Fiesta Mexicana returns to Royce in celebration of traditional dance, music
Several dancers and musicians from Grupo Folklórico gather onstage at Royce Hall. The organization hosted its first in-person Fiesta Mexicana since 2019. (Javier Jauregui/Daily Bruin)
By Maddie Rausa
June 1, 2022 3:26 p.m.
Swirling, colorful dresses, live musical performances and shouts of encouragement filled Royce Hall on May 22, where Grupo Folklórico de UCLA hosted its first in-person Fiesta Mexicana since 2019.
The Fiesta Mexicana featured student dancers from Grupo Folklórico de UCLA, a student-run organization that showcases Mexican artistic and musical traditions as well as younger dancers the group has mentored from Palms Middle School. The dancers were accompanied by bands including Grupo Zep7imo, Tambora Los Parientes and Mariachi de Uclatlán. The event began at 5 p.m.
Preparations for this year’s Fiesta Mexicana began at the end of fall quarter, said Rene Calzadilla, a fourth-year history student and one of the artistic directors of Grupo Folklórico de UCLA. With 60 members to manage and various styles of dance to perform, preparing for the Fiesta Mexicana was stressful at times, Calzadilla said. The feat would not have been possible without planning and fundraising by the organization’s team of 13 cabinet members, he added.
The group performed dances in styles from various regions of Mexico, including those of Campeche, Sinaloa, Baja California, Colima, Tamaulipas, Jalisco and Zacatecas.
Dances also featured the traditional dress and music styles from each region. For example, in Jalisco, the upper portion of the faldeo, or skirt worn during folklórico dances, almost covers the face, said Xitlali Gomez-Williams, a secretary for Grupo Folklórico de UCLA who performed in the Jalisco regional dance.
Some members of Grupo Folklórico said they saw the performance as a chance to represent their heritage for the first time.
Sophia Torres Pomares, a first-year English student, said that her first time training in dance was with Grupo Folklórico, adding that she appreciated being able to represent her culture in college.
Attendee Consuelo Martinez, a UCLA alumna and a former member of Grupo Folklórico de UCLA, said she had not planned to join any student groups when she arrived at UCLA but was grateful to have been part of the group.
“Being in this group was the first time that I was ever able to learn more about my culture, but (I) feel like it’s now or never to try something out that I was kind of pushing away or embarrassed when I was younger,” she said.
At one point in the performance, some audience members danced along during the tamborazo – a percussion-heavy genre of regional Mexican music played at the show by Tambora Los Parientes.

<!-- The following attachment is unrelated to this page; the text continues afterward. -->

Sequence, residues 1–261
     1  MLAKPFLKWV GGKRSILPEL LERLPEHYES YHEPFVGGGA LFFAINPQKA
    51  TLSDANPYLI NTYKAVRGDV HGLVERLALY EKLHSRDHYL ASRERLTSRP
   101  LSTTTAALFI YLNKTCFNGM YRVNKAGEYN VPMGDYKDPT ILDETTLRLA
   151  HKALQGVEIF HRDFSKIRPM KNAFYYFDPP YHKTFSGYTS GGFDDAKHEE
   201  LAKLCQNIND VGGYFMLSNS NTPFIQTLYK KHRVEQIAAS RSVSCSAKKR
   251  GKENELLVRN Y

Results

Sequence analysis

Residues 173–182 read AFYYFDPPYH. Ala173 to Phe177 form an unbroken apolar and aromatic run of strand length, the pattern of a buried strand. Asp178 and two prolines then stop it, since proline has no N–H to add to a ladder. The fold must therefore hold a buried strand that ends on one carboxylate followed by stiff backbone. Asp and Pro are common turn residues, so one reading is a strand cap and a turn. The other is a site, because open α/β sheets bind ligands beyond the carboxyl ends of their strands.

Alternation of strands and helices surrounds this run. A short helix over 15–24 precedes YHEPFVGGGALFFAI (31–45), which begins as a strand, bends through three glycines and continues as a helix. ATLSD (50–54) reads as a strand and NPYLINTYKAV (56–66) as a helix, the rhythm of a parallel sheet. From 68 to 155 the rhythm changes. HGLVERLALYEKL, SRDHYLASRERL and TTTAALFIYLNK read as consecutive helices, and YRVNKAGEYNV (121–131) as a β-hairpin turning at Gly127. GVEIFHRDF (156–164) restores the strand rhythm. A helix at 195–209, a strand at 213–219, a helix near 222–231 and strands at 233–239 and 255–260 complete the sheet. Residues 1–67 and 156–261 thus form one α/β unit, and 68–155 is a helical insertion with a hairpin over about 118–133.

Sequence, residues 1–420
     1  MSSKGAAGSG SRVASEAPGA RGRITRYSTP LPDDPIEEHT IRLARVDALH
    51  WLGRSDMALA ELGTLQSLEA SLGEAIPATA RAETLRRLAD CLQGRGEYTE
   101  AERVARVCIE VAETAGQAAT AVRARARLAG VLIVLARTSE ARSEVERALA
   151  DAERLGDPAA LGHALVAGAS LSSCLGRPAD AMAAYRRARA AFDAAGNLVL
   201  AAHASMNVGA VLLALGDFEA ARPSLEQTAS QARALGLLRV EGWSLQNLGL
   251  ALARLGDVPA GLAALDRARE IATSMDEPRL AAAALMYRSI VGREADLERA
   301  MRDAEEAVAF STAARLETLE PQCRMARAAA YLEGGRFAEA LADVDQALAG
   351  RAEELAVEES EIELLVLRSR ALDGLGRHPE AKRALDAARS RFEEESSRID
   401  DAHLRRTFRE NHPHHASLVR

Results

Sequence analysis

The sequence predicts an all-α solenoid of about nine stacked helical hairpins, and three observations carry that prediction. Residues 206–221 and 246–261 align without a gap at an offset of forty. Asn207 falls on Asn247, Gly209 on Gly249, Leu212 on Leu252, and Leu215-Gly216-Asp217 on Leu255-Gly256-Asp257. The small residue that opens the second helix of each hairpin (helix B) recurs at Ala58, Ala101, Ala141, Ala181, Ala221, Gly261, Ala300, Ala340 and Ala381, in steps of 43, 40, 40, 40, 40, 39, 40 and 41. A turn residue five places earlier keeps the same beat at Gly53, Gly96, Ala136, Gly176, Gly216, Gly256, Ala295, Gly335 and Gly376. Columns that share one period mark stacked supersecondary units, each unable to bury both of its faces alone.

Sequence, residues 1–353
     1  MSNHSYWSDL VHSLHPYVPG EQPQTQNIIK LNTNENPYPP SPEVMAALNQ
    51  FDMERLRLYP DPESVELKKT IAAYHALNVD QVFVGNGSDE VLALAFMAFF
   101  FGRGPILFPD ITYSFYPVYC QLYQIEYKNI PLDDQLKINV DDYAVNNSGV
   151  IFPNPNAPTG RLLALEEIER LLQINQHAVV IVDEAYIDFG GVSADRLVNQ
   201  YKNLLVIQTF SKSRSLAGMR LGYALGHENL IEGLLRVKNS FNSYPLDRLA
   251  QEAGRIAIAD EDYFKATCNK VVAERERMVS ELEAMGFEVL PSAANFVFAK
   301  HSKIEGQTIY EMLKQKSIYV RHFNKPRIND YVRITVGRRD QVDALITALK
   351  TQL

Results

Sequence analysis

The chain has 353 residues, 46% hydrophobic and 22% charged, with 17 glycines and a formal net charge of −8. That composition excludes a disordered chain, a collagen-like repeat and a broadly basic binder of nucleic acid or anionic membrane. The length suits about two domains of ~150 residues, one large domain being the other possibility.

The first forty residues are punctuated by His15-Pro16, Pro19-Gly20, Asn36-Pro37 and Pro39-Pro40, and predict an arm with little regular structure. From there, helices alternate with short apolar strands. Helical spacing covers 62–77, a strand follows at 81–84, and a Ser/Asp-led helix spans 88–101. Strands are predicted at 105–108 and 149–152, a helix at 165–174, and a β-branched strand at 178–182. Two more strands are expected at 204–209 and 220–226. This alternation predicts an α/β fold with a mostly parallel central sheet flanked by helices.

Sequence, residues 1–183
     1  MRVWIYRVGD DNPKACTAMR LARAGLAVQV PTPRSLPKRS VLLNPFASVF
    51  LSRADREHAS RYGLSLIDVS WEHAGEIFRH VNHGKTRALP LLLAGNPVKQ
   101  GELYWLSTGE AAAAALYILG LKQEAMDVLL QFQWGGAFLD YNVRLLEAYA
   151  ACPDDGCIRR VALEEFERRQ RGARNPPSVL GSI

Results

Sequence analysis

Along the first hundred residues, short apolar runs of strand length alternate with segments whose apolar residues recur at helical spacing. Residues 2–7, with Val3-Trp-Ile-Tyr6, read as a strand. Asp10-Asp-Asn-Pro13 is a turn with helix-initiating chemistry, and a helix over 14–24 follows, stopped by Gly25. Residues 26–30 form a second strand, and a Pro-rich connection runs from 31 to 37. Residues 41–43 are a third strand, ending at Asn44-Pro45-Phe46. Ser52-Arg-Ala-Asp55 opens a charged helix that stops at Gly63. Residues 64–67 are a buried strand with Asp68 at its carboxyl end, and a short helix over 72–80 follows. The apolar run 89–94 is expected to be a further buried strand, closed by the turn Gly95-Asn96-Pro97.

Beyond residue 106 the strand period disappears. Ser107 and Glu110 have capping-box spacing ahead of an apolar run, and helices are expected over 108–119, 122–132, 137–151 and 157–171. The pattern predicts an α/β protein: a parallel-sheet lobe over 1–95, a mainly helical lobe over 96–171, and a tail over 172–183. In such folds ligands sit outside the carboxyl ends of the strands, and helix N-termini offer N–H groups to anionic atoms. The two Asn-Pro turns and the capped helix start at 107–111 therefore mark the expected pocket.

Those lively moments of audience participation made the show a heartwarming representation of Mexican culture, said Maria Linares, a third-year sociology student.
“It’s a great feeling to see yourself be represented in such a beautiful place like Royce,” Linares added.
As someone with parents from Mexico, said Alejandro Salas-Villa, one of the event’s hosts, he appreciated the culture on display.
Salas-Villa, a fourth-year education and social transformation and public affairs student, said they grew up in a predominantly Latino community surrounded by various styles of Mexican music and dance. He was heartened to see these on display at UCLA, Salas-Villa added.
During their performance, Grupo Zep7imo discussed the importance of new generations returning to and carrying on older Mexican traditions, said attendee and third-year biochemistry student Yesenia Apreza.
“That’s what these different dances are showing,” Apreza said. “It’s showing the past and the present, and showing how we’re not going to forget where we came from or our roots, and we’re going to use them in this institution.”
Martinez said she felt nostalgic seeing this year’s production take place in Royce Hall.
“Most of the people we recognize were freshmen when we were seniors, and we haven’t seen them since then,” Martinez said. “So it was like (a) really nice, you know, kind of a full circle moment.”
Being in his final year at UCLA, Calzadilla said putting on the show was bittersweet. However, he said he has faith in the group’s leadership for next year, adding that they are well-equipped to continue the tradition.
“My last memory of this group will be this performance and everything that everybody has done for the show,” Calzadilla said. “It was a great send-off.”